The best parmigianain California.

It's crispy on the top,which I love.

The marinara sauceis really delicious.

Mm.

Delicious.

Mm! Everythingis so fresh here.

I come here almost every day.

And I love this place.

And this is one example of how greatthe food is here.

I'm somebody whodidn't eat eggplant until I was probably30 years old.

And I haven't hadany as good as this.

This is the best.

Trattoria da Vittorio'sfood is so good, most folks don't want too manypeople to know about it.

My reservation aboutyour whole experience here is that I don't wantpeople coming here.

This is our place.

NARRATOR: Stay with usas our Italian eats countdown crossesthe finish line.

This is, uh, really makes mefeel like home.

Want more "Food Paradise"? Visittravelchannel.

Com/foodparadise for exclusive video and picturesfrom this episode.

Chicago is the place for our next Italian offeringsyou can't refuse.

Truly authentic Italian foodis all about honoring tradition.

And here at Quartino,they get it.

That's why they're number oneon our "Food Paradise" list of the great eight spotsfor Italian eats.

There isn't a school thatteaches this kind of cooking.

We use recipes that are, uh, founded severalhundred years ago.

NARRATOR:Chef and owner John Colettatakes tradition seriously.

And this love of allthings Italian shows in his delicious food.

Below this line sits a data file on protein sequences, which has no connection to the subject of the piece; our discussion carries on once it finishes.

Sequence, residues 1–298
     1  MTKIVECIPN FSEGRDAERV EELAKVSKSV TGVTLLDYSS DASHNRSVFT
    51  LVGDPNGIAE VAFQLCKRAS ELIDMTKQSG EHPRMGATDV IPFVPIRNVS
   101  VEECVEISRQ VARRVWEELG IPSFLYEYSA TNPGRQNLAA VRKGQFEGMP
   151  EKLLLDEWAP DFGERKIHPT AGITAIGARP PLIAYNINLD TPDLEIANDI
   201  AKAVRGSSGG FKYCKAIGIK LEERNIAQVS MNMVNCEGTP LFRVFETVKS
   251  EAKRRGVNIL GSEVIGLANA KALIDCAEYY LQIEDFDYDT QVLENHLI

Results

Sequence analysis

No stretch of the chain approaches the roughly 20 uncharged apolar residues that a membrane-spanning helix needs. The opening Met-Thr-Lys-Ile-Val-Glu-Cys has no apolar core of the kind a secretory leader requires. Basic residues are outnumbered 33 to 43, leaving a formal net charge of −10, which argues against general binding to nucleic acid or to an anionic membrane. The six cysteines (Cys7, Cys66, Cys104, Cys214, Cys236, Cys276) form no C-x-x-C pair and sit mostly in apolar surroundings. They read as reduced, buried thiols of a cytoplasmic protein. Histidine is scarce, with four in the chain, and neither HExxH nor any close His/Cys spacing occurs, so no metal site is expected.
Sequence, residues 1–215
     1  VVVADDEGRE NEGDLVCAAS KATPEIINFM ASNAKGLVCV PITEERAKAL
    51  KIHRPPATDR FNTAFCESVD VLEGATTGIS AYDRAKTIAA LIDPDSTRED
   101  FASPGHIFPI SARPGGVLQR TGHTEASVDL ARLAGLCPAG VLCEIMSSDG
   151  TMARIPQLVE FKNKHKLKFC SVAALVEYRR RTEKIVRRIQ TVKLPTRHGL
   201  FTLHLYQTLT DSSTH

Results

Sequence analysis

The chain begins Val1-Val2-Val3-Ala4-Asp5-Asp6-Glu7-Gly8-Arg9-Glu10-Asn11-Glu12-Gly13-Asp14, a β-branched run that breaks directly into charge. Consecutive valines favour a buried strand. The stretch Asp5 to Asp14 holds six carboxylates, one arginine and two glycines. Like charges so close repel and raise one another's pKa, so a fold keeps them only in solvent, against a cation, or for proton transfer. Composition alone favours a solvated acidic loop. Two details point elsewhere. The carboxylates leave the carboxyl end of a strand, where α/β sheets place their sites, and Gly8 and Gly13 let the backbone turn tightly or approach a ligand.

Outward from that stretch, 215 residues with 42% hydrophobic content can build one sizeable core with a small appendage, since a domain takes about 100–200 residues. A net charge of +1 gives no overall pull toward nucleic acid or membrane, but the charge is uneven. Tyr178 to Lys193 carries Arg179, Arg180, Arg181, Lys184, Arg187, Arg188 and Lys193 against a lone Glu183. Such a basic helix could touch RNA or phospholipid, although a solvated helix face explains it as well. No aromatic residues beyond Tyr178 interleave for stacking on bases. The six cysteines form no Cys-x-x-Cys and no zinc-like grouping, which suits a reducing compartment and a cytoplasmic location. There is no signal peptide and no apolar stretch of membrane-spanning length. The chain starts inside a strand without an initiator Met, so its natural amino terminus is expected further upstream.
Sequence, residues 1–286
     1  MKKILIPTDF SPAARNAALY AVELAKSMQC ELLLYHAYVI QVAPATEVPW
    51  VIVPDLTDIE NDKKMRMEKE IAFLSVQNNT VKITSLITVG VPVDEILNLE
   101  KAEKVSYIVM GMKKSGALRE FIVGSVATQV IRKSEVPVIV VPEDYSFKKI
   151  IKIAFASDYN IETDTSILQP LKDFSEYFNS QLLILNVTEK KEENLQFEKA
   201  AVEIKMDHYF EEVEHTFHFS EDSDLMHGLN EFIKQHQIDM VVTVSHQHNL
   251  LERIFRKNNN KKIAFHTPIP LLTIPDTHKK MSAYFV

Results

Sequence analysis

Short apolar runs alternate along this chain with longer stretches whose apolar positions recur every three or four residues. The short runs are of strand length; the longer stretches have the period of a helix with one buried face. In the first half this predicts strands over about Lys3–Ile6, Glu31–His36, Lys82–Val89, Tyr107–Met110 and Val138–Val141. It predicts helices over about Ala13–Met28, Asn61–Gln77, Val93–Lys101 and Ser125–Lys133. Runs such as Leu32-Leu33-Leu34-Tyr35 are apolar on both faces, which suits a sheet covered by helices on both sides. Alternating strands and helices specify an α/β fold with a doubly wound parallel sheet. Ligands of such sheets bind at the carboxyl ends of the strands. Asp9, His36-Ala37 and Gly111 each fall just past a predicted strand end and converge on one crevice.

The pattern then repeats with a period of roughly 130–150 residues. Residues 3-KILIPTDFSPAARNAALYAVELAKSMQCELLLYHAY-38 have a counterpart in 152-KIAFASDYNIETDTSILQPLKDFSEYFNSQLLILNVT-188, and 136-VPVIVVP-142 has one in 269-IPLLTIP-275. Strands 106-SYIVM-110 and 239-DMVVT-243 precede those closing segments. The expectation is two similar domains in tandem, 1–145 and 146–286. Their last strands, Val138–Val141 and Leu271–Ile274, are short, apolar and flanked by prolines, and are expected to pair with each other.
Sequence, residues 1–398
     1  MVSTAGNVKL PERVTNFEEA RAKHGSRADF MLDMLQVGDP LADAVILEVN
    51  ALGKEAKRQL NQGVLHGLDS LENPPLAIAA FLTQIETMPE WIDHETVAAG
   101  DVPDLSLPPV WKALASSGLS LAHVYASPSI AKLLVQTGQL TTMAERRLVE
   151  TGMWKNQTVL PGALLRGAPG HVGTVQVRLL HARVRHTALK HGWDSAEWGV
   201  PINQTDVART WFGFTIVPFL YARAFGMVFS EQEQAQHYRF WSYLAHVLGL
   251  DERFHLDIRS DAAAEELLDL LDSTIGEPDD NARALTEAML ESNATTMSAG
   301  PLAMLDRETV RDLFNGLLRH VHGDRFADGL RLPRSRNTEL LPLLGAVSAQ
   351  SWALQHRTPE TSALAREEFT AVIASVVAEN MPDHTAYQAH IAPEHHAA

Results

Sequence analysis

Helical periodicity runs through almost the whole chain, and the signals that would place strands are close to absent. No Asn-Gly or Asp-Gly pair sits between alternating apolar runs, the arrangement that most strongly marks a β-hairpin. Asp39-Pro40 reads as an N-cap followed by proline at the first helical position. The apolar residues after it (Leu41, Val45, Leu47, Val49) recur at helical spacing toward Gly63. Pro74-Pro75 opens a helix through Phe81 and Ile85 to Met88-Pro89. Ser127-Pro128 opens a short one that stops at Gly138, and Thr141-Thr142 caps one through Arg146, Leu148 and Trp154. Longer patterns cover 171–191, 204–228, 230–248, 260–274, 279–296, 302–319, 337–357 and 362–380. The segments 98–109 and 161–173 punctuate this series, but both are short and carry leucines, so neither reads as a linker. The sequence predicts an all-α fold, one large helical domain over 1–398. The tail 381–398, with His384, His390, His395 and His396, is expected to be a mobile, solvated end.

Locavorism may be all the ragein the States now.

But according to Chef John,it's been standard operating procedurein Italy for centuries.

In Italy, there's a conceptcalled Zero Kilometre.

What that means is within lessthan, uh, 1 kilometer, all the food must becooked from that area.

NARRATOR: In other words.

What growstogether goes together.

NARRATOR: And that's what setsQuartino apart from the pack.

Look at all the lovethat goes into the rustic Tuscan treat knownas Pappardelle al Sugo di Manzo.

Pappardelle is likean extra-wide fettuccine.

Fittingly, its namecomes from the verb pappare, to gobble up.

It's a big noodle,bold enough to pair with the star of the dish, beef.

So what are we workin'with here, John? This is Piedmonteseshoulder of beef.

Okay? NARRATOR: Chef Coletta braisesthose medallions in olive oil, onions and garlic, then builds the flavorsup further, Italian style.

We're going to adda little bit of red wine.

And since we're in Tuscany, the favored wineI would use is a Chianti or a Sangiovese-based wine.

NARRATOR: Again, the closerthe ingredients' origins, the more authentically Italian.

The further you get away, if I were to useCalifornia wine or — or beef from — from Iowa, I'm going to havea different preparation.

Not that it's bad.

It's just different.

The wine has now beenabsorbed into the meat.

Then they're going to explodewhen we add the tomatoes.

These tomatoesare Italian tomatoes coming from the regionof Campania.

It's grown on Italian soil.

This is the tomato Italiansuse in their home.

NARRATOR: What'd I tell ya?Quartino keeps it real.

John lets that simmer a while, being sure to seasonit not all at once, but in stagesas the flavors develop.

That beef getsso fall-apart tender, he can shred it softlywith a spoon.

And we just softly and gently, firmly pressing down.